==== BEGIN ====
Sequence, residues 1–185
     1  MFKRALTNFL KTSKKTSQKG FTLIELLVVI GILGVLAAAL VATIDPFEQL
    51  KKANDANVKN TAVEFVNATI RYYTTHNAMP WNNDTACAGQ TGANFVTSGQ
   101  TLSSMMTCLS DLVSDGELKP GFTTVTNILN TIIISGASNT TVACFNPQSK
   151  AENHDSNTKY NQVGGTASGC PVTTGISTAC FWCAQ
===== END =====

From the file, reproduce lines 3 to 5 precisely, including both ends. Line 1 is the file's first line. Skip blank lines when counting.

    51  KKANDANVKN TAVEFVNATI RYYTTHNAMP WNNDTACAGQ TGANFVTSGQ
   101  TLSSMMTCLS DLVSDGELKP GFTTVTNILN TIIISGASNT TVACFNPQSK
   151  AENHDSNTKY NQVGGTASGC PVTTGISTAC FWCAQ